- Buy your tickets well in advance for the best prices.
- Take note to follow all the residency rules to the letter (namely, the notorious 90/180 rule for those without permanent residency, a work visa, or a student visa). They are likely to nab you at Boryspil and make you pay a fine or tempt you to give them a [word that starts with "b"] to avoid being delayed from your flight.
- Do advance planning to avoid spending more money than you intend (this is western Europe, after all!). See my recommendations for Scandinavia below.
Flying to Norway or Sweden
Flights can be as little as 80-100 Euros if you buy them in advance. The Norway flight stops for the season on Sept. 12. You can take bikes for another 40 Euros.
For budget travel in Norway and Sweden -- two of the most expensive countries of the world --remember these key tips:
- Camping is allowed on open land not used for agriculture, provided you do no harm.
- Bring as much food from Ukraine as possible.
- Buy train tickets in advance with a credit card and look for the "miniprice." You can save as much as 85% off the cost of a ticket.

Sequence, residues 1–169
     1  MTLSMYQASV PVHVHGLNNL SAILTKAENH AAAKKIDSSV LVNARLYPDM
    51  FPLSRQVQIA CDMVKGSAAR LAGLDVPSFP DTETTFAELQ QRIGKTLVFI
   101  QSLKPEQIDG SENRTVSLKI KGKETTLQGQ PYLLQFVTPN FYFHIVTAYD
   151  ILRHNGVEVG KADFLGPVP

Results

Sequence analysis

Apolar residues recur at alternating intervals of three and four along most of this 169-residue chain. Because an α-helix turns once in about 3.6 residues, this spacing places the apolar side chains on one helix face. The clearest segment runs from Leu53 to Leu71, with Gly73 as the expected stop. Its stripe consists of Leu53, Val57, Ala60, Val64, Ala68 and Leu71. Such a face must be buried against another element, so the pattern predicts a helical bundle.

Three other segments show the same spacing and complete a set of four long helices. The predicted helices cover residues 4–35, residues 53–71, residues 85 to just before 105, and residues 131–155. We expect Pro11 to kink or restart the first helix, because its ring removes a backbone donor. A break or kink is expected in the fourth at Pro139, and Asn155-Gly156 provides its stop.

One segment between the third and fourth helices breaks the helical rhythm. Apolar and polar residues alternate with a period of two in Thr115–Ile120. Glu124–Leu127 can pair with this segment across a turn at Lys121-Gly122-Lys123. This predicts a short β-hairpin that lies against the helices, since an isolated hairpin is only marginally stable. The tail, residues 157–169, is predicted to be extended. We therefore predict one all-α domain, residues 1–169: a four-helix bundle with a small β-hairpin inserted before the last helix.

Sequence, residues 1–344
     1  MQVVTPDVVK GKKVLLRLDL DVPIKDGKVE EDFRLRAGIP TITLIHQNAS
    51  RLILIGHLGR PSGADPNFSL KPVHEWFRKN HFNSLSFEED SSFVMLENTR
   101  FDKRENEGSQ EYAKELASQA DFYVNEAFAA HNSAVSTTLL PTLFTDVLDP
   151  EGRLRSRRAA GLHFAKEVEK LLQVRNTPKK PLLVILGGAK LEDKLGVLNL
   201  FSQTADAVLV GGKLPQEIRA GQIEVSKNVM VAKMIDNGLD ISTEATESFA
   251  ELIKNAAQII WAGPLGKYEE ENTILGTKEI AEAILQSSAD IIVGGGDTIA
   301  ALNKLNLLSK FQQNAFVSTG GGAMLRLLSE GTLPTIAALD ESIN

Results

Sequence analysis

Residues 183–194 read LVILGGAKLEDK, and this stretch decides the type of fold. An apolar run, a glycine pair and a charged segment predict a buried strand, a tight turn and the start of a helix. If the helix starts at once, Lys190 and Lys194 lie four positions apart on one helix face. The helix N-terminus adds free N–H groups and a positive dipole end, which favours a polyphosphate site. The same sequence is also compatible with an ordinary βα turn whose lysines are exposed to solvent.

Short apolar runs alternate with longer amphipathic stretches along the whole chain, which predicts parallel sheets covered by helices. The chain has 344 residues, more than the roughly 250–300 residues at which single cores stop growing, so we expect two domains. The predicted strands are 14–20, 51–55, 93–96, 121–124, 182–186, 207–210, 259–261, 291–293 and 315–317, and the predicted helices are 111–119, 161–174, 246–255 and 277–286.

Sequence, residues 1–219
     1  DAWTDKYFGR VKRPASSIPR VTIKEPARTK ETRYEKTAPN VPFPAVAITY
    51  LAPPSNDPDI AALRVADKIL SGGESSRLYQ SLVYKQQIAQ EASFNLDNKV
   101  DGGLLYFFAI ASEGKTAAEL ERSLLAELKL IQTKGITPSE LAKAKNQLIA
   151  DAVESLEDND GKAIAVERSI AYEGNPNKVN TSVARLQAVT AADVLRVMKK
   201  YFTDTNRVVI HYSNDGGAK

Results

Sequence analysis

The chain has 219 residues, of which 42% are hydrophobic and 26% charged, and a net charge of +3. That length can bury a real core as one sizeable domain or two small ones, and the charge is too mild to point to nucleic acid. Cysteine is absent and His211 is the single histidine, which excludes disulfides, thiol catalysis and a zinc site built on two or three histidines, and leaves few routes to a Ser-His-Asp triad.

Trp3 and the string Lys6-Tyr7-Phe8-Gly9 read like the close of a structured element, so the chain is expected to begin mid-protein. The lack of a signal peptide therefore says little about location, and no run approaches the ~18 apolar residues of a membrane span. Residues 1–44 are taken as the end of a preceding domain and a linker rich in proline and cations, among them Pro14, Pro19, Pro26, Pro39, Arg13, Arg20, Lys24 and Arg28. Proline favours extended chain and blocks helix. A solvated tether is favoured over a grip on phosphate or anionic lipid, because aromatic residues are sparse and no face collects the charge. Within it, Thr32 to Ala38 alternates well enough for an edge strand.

- Hitchhiking is possible and safe, outside of the major cities, particularly in the north.
In other words, if you go there as a shrewd backpacker, you can spend as little as 200 Euros on a 2 week trip, including plane tickets. Otherwise, get ready to shell out unheard-of sums for everything from accommodations to donuts and the right to pee in public facilities.
As a shrewd backpacker, I can recommend hiking the numerous mountain areas of southern and central Norway as well as hiking trails in the north, such as the famous "Kungsleden" in northern Sweden. I hiked the northernmost 180 km of it through the highest mountains of Sweden.
And here's what one might see while in Norway and Sweden (my pictures):